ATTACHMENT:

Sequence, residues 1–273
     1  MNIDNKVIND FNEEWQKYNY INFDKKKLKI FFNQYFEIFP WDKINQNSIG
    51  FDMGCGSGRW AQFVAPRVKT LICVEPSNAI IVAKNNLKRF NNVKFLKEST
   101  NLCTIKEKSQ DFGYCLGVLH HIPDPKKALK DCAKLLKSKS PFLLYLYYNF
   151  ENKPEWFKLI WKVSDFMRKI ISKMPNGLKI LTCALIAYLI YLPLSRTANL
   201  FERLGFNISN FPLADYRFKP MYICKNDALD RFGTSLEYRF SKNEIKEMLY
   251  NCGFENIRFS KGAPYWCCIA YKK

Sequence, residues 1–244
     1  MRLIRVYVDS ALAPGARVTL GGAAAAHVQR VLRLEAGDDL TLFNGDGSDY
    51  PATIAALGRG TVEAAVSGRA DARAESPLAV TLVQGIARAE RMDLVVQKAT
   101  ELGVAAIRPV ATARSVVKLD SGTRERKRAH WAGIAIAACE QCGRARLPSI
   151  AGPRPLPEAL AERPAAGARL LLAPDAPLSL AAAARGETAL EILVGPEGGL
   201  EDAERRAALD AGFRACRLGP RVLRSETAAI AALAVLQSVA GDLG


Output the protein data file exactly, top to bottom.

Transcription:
Sequence, residues 1–273
     1  MNIDNKVIND FNEEWQKYNY INFDKKKLKI FFNQYFEIFP WDKINQNSIG
    51  FDMGCGSGRW AQFVAPRVKT LICVEPSNAI IVAKNNLKRF NNVKFLKEST
   101  NLCTIKEKSQ DFGYCLGVLH HIPDPKKALK DCAKLLKSKS PFLLYLYYNF
   151  ENKPEWFKLI WKVSDFMRKI ISKMPNGLKI LTCALIAYLI YLPLSRTANL
   201  FERLGFNISN FPLADYRFKP MYICKNDALD RFGTSLEYRF SKNEIKEMLY
   251  NCGFENIRFS KGAPYWCCIA YKK

Sequence, residues 1–244
     1  MRLIRVYVDS ALAPGARVTL GGAAAAHVQR VLRLEAGDDL TLFNGDGSDY
    51  PATIAALGRG TVEAAVSGRA DARAESPLAV TLVQGIARAE RMDLVVQKAT
   101  ELGVAAIRPV ATARSVVKLD SGTRERKRAH WAGIAIAACE QCGRARLPSI
   151  AGPRPLPEAL AERPAAGARL LLAPDAPLSL AAAARGETAL EILVGPEGGL
   201  EDAERRAALD AGFRACRLGP RVLRSETAAI AALAVLQSVA GDLG